For many years it was believed that high levels of testosterone alone caused male pattern baldness (MPB). Testosterone, the primary male sex hormone is converted to dihydrotestosterone (DHT) by the 5a-reductase enzyme. DHT is a super-testosterone and high levels of it increase the risk of developing male pattern baldness. The higher the levels of free testosterone that circulate in the body, the more DHT that is produced. The higher the body’s DHT levels – and here we’re talking about tissue DHT, as found in the scalp, rather than serum DHT – the greater the hair loss (at least that’s the theory). DHT has a far greater affinity for the androgen receptors responsible for MPB than ordinary testosterone. So as you might expect, higher levels of testosterone lead to greater hair loss.
The problem with this theory is that as men age they are statistically more likely to lose their hair. But paradoxically, testosterone levels tend to decrease with age. Further, testosterone levels are not much different between balding and non-balding men. Male pattern baldness has also been found in men with low testosterone levels.
Estrogen, Cortisol And Their Effect On Hormonal Balance
Current research suggests that it’s the female sex hormone, estrogen, which plays a key role in male pattern baldness. It’s not estrogen levels on their own that’s the problem. In fact, estrogen is good for hair growth. Rather it’s the ratio between testosterone and estrogen levels.
This hormonal imbalance can occur in both men and women at all ages, and there are many reasons why it occurs. As we’ve just noted, aging can reduce testosterone levels, which in turn affects the testosterone:estrogen ratio. The modern diet can also reduce testosterone levels. For women who have gone through the menopause, their estrogen levels are reduced by as much as 90%. An underperforming thyroid may also skew the testosterone:estrogen ratio.
Another example of a hormonal imbalance which can promote hair loss is caused by stress. In response to a crisis, the body’s adrenal glands produce cortisol, a hormone which triggers the flight-or-fight response. Unfortunately this extra cortisol is produced at the expense of hormones which sustain hair growth. This is why long-term stress and anxiety can lead to thinning hair.
Estrogen And Dietary Solutions to MPB
Estrogen is associated with healthy hair growth. Not only does it protect against hair loss by reducing DHT conversion, it stimulates new hair and slows the growing – or anagen – phase. Essentially, estrogen works its wonders by overriding the effects of testosterone.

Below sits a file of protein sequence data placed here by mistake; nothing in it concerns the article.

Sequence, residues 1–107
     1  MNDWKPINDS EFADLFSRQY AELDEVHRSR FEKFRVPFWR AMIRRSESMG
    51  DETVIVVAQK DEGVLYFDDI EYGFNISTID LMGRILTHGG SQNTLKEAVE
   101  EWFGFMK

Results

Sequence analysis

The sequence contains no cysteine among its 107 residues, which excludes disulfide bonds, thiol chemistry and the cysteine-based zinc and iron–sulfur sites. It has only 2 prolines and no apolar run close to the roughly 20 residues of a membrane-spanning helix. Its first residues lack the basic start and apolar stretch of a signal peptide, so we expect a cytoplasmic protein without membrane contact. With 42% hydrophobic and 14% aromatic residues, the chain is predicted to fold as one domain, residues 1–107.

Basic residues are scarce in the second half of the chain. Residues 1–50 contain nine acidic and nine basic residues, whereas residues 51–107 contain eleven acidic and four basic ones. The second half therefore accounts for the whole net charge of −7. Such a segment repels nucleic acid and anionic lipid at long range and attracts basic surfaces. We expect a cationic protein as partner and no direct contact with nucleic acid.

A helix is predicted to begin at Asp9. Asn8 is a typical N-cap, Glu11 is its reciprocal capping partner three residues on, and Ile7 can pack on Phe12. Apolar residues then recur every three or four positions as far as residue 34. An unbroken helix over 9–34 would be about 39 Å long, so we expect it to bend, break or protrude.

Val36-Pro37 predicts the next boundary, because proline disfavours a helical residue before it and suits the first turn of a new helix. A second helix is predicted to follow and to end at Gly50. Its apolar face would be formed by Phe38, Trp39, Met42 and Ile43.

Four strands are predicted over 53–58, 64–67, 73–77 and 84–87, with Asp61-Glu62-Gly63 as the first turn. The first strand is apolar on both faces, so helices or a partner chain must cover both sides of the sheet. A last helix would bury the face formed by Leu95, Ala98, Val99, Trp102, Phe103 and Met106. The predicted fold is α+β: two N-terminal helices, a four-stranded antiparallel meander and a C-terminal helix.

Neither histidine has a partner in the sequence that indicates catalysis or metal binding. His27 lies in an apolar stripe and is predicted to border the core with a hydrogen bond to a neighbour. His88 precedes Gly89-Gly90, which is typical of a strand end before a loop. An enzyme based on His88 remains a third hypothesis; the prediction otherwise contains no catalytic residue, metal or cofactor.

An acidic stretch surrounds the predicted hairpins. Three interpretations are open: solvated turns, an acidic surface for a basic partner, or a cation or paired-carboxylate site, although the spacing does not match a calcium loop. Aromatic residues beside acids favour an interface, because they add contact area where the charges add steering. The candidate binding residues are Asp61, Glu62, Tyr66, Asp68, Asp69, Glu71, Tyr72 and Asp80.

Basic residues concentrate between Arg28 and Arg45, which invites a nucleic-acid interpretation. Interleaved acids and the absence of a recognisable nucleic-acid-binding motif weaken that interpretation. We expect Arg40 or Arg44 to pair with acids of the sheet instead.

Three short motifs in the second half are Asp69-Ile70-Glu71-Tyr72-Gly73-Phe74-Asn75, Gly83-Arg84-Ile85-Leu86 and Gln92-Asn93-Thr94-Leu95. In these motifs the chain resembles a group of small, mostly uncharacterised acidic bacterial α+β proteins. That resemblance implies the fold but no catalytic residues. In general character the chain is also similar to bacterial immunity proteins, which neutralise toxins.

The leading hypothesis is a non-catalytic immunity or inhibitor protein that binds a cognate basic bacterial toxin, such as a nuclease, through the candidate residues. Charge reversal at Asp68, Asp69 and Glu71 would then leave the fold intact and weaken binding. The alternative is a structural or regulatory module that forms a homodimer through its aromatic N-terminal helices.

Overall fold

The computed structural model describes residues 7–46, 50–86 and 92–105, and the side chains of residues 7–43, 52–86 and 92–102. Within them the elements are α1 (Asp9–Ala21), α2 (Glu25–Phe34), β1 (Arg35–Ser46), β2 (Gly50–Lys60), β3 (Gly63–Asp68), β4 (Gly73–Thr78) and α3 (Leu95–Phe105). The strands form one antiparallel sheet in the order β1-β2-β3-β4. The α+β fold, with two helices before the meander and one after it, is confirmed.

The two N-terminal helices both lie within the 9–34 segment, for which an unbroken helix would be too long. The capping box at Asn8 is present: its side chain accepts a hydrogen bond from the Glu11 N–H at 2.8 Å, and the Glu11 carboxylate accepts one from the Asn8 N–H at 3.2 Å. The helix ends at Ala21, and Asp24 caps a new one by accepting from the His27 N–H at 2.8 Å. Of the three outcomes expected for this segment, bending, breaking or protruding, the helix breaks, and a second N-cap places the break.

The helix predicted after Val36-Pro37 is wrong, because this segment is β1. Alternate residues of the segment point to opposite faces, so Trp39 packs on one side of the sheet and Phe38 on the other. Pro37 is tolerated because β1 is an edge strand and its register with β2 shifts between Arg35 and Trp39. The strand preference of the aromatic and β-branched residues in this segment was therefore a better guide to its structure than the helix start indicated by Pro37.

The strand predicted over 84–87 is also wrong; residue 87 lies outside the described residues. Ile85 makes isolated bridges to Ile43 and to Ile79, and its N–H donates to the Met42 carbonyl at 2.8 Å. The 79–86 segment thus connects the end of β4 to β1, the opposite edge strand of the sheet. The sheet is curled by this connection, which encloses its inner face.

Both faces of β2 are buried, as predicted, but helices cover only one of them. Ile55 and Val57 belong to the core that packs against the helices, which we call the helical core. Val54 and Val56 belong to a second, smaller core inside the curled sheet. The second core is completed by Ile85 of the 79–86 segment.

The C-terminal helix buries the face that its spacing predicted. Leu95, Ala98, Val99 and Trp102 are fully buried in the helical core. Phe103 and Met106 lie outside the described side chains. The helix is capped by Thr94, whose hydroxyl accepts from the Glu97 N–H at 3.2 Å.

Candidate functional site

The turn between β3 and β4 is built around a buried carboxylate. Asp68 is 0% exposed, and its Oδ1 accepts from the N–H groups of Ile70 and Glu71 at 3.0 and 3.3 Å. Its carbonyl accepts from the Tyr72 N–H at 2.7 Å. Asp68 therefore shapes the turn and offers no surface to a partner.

Estrogen should not be directly administered to men with MPB because it shuts off testosterone. The amounts needed to have any perceptible effect on hair loss can cause symptoms such as breast growth and decreased sex drive.
A far better solution is to take a supplement, such as Finasteride, a key ingredient in the hair loss medication, Propecia. Finasteride is an estrogen booster, which reduces the conversion of free testosterone to DHT. Estrogen biosynthesis is also known as aromatase activity.
Switching to a diet rich in fruit and vegetables can also support healthy hair growth. Such a whole-food diet improves hormonal balance and provides essential nutrients. Reducing junk food, caffeine and alcohol prevents follicle inflammation, which inhibits hair growth.
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References and further reading
- Dihydrotestosterone: 20 Ways to Increase DHT and 5-a Reductase Levels Naturally, by Ali Kuoppala
- How Does Finasteride Impact Testosterone and Estrogen Levels, Sept 4, 2015
- Estrogen – follacure.com
- How to Prevent and Reverse Baldness, Simply, Safely, and Naturally, by Dr Nick Delgado
- Men: Stop Thinking Your Hair Loss Is Due To High Testosterone, by Rob, April 21, 2014
- Hormones and Hair Loss – How Cortisol Affects Hair Growth, by Nutrafol Hair Expert, July 11, 2016